Being opposed as they are to universals, the Zapatistas’ foundational beliefs are hard to pin down in a way that can be maddening to outsiders. Theirs has always been a movement of poetics and myth as much as military tactics. At the Encuentro, the gathering, I heard a story of the enigmatic spokesperson formerly known as Subcomandante Marcos that shows some of that poetics. Like so many Zapatista stories, it may or may not be true; its mythos is its power. During the clandestine times, when the insurgents were always being hunted, Marcos and several other insurgents were riding their horses through the jungle. Coming down the road was a group of women, walking with the sun behind them. Unable to see their faces, the insurgents wondered if they were friends or foes – but Marcos looked ahead and said, “Those women are hermanas, sisters. They are with us.” Surprised, the other insurgents asked him how he could tell just from their silhouettes in the dawn light. “By the way they walk,” he says. The dignity in their stride – among a people so oppressed by colonialism and patriarchy that one compañera told us that, before the uprising, Indigenous women would be given away for a case of beer – was their mark of being Zapatistas. After spending just a few days among these women, I know what he means. I could feel their collective strength just being in their territory, sharing in this small part of the world they’ve built for themselves. The power of that dignity shaped everything that happened at this gathering, and it’s the thing that I’ll carry with me more than anything else I experienced there.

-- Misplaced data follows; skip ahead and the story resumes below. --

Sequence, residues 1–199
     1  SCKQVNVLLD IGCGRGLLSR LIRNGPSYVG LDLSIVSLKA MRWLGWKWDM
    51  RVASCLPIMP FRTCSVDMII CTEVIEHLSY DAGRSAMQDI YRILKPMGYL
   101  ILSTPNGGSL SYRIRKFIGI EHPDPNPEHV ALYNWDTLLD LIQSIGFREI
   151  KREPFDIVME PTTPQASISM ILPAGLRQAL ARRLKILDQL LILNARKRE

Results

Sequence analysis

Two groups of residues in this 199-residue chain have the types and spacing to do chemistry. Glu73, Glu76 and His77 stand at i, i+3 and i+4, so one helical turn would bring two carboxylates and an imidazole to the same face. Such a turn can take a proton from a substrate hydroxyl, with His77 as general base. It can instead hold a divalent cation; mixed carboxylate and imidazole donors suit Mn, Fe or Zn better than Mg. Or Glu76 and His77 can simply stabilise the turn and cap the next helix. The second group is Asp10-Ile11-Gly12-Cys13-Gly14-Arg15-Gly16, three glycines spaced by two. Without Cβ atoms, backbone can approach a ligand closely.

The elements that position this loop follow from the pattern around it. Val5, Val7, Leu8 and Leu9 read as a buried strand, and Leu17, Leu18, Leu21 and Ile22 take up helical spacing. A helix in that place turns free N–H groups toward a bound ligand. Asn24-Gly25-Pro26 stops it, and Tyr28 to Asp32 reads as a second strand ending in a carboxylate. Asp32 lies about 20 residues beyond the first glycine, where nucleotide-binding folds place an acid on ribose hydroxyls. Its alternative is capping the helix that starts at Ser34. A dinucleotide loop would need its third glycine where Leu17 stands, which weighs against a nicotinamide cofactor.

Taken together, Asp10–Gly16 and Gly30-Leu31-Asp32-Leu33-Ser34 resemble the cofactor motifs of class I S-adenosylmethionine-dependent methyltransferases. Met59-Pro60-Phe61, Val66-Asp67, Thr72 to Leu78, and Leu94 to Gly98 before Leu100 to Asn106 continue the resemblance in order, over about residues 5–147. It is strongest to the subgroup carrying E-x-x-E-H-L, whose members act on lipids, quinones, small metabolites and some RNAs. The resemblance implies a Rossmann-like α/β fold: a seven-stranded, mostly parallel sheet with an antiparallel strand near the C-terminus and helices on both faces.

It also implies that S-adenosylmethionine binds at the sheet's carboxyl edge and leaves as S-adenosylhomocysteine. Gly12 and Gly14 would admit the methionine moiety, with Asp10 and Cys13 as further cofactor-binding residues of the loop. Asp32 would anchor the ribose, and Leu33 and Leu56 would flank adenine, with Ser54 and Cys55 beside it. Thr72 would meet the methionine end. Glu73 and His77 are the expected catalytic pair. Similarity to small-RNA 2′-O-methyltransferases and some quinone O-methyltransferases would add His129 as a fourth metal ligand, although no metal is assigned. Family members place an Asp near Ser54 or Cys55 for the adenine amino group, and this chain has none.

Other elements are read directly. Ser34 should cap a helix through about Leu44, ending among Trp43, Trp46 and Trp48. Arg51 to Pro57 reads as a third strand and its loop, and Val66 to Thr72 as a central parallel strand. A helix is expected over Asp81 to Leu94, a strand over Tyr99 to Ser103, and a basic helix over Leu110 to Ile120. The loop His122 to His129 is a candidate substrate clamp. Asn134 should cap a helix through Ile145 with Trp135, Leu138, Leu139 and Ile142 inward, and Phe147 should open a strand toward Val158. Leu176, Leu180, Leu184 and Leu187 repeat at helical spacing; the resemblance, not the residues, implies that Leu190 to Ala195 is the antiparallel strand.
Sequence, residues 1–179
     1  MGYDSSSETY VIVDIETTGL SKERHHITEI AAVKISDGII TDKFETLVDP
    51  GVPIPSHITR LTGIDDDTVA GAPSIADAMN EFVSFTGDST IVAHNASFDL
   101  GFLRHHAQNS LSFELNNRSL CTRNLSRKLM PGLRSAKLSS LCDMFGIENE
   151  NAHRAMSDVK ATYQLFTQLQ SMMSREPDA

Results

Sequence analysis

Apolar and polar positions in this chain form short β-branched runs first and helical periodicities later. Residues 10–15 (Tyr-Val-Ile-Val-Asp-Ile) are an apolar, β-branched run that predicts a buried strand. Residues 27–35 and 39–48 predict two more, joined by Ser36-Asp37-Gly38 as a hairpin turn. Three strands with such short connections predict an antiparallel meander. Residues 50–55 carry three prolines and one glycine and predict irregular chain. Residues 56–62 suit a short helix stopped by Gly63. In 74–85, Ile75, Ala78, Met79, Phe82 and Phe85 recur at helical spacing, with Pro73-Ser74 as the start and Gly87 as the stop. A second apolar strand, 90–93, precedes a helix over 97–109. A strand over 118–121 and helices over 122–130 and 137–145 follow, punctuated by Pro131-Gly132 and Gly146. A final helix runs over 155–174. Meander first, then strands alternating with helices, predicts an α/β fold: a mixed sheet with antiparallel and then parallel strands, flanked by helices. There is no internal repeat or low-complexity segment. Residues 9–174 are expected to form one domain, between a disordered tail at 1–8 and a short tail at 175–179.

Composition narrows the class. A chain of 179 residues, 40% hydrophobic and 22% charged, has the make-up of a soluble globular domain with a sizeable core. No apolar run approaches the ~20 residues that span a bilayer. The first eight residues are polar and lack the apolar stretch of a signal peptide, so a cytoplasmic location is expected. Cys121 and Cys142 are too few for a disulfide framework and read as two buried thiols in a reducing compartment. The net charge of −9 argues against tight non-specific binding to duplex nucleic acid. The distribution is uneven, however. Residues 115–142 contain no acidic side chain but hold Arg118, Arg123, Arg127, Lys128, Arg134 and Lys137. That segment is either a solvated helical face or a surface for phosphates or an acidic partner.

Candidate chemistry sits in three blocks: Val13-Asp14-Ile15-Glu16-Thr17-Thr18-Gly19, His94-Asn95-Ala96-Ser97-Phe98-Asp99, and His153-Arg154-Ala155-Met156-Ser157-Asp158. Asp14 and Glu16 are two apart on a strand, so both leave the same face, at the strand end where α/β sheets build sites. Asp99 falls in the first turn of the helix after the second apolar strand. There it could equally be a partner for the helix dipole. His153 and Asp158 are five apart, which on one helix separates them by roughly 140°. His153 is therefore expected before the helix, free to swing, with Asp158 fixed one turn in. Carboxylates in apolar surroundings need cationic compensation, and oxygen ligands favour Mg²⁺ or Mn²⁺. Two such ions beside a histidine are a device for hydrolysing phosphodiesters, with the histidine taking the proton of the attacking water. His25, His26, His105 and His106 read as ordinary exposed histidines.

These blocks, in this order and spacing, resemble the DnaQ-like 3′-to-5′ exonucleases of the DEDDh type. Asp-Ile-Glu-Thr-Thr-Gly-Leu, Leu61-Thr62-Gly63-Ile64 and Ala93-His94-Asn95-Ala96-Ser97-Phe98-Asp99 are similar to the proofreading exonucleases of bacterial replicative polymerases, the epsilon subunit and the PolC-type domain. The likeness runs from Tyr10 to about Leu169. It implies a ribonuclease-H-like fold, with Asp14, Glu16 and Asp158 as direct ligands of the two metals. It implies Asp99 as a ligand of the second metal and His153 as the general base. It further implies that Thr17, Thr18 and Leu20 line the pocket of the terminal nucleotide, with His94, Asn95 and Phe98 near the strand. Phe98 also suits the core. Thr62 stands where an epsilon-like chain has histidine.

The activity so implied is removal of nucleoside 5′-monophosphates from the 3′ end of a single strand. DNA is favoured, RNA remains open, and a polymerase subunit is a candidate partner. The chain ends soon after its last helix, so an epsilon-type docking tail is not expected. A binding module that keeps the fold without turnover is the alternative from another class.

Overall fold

A different kind of politics
It’s a significant time for the Zapatistas to hold such a gathering. María de Jesús Patricio Martínez – affectionately known as Marichuy – was elected as the spokesperson for the National Indigenous Congress (CNI), and is the first Indigenous woman to attempt a run for president. Her candidacy was mistakenly interpreted by many as a shift in the Zapatistas’ tactics, toward more institutional forms of power. Many people in Mexico, as well as abroad, reported that Marichuy’s candidacy was the Zapatista Army of National Liberation (EZLN) running a candidate in the elections, a falsehood that was roundly put down in a communiqué released in November 2016. “For the politicians above, across the political spectrum,” reads the communiqué, “there will always be a foreign enemy behind indigenous peoples. […] The EZLN has not ‘altered its course’ to any degree, nor has it reoriented its struggle to the institutional electoral path.”